China’s powerful state espionage agency and six other government agencies have taken the unusual step of stationing investigators in Didi Chuxing’s offices to conduct a security investigation into the ride-hailing group.
The review, which plunged Didi’s stock price when it was first announced following the company’s $4.4 billion IPO earlier this month, marks the first time the secretive State Security Department has publicly announced that it will temporary staff in a company.
China’s Cyberspace Administration, the regulator responsible for coordinating Didi’s cybersecurity assessment, said on Friday that the investigation would also involve the police, the tax authorities, the market competition regulator, as well as the industry’s regulators. for natural resources and transportation.
“Announcing which agencies are involved is a warning to other companies not to tamper with national security, but it is also an attempt by Beijing to make the assessment process more transparent,” said Feng Chucheng, technical analyst at consultancy Plenum. . ah.
The magnitude of the investigation into Didi, which the CAC announced two weeks ago, is likely to further fear investors in Chinese technology stocks and dampen appetites for the country’s offshore IPOs.
The CAC followed up on the security investigation into Didi with a series of punitive measures that saw the share price drop 20 percent in the week following the IPO. The agency also proposed new rules that prohibit companies with more than 1 million users from advertising abroad until they receive official approval after undergoing a security review.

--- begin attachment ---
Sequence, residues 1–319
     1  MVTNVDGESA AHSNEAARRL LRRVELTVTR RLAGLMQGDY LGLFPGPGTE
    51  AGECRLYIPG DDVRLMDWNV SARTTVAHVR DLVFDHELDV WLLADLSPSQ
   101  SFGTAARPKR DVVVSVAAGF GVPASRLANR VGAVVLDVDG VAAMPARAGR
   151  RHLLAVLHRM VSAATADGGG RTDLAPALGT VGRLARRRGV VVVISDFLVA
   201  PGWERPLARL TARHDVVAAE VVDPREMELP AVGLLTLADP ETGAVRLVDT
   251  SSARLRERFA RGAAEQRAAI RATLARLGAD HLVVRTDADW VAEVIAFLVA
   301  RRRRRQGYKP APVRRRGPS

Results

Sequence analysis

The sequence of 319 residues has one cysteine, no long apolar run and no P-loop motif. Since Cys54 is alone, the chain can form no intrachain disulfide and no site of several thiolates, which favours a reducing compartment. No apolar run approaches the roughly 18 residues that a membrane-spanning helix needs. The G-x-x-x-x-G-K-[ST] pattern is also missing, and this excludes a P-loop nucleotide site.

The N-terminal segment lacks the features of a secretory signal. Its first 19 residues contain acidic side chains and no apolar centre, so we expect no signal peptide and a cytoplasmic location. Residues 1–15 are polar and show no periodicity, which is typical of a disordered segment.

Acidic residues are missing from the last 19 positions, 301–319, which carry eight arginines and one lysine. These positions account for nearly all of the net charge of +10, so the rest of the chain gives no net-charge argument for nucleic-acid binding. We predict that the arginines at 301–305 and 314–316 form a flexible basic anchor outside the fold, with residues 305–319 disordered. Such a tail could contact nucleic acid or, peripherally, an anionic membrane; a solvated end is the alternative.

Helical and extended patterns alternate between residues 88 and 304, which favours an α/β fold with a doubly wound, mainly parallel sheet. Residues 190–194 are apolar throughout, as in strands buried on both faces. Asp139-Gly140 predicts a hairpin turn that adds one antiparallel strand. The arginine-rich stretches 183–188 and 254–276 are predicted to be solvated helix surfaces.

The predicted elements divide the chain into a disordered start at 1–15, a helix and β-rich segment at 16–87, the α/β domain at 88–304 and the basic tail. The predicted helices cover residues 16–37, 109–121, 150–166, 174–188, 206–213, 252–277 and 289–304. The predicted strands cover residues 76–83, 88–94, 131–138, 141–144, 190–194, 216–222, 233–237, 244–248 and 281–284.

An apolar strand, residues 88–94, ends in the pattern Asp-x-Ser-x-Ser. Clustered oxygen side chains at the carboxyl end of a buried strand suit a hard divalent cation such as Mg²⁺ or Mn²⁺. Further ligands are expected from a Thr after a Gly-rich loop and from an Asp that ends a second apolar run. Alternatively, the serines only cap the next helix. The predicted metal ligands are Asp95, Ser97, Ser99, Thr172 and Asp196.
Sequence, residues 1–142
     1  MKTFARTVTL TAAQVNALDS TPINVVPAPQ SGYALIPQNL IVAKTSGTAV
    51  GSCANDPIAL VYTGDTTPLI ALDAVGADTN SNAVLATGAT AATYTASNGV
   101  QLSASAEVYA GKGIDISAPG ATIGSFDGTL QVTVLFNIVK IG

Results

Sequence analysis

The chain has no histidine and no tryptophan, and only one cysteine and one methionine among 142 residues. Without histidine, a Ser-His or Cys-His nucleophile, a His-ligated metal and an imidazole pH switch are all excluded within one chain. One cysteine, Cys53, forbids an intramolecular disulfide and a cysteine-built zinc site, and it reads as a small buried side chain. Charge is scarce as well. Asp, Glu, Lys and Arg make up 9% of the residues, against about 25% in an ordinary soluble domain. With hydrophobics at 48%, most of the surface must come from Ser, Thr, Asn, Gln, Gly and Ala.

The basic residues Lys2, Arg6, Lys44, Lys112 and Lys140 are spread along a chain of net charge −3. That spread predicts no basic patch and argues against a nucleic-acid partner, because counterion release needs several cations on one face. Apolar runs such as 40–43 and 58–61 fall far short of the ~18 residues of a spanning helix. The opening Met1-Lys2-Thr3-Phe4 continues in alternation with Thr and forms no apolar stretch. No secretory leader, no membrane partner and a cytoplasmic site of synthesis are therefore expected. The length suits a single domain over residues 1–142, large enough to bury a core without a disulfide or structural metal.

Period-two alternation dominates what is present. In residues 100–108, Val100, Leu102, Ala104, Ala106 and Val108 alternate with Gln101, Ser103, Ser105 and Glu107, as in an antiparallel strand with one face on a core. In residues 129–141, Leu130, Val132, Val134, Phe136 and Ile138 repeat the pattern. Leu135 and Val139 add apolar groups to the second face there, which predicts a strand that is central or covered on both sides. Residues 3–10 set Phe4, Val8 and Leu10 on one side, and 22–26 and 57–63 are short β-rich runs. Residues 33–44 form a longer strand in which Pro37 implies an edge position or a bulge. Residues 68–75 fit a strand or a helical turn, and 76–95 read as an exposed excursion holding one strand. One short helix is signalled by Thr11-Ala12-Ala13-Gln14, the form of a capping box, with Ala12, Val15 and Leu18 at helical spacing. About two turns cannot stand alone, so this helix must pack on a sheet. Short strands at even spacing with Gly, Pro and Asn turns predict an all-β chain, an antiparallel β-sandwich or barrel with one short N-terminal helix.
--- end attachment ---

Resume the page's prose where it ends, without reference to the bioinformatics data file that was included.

The CAC did not provide details of its concerns, referring only to data security and national security risks. Before the IPO, the CAC had asked Didi to correct the display of map labels, fearing they would inadvertently reveal sensitive locations, such as military bases, people familiar with the matter said.
But there is no evidence yet that sensitive data has been leaked. Didi’s Vice President Li Min has responded to social media speculation, saying it is “absolutely impossible” that the company could have provided data to the US.
Didi’s research is also Beijing’s first public agency to use its new cybersecurity assessment mechanism. The procedure was just over a year old and was intended to assess supply chain security rather than data security.
The unprecedented nature of the Didi case and the lack of details about what a review entailed had taken the company into uncharted territory, legal experts said.
“It is extremely unusual. There will be all-round compliance risks,” said Xu Ke, head of the Internet Law Institute at the University of International Business and Economics in Beijing.
The number of agencies involved also increased the risk of disagreements and a lengthy review process, with Didi being banned from signing up new users.
Pursuant to the regulations for cyber security review, a preliminary review must be completed within 60 working days, or three months. If the different bodies do not agree on their conclusions, a special assessment must be initiated, which may take an additional 45 working days or more.
“All major regulators are in place, meaning this inspection will be comprehensive first and not too short,” said James Gong, attorney at Herbert Smith Freehills.
Kendra Schaefer, a technical analyst with Beijing-based consultancy Trivium, said: “It’s been made pretty clear in the regulatory documents that there are coordination issues and there are a lot of chefs in the kitchen.”
Schaefer added: “The Ministry of State Security is a new turn. If you take a broad definition of what national security is, this is what happens.”
Additional reporting by Nian Liu in Beijing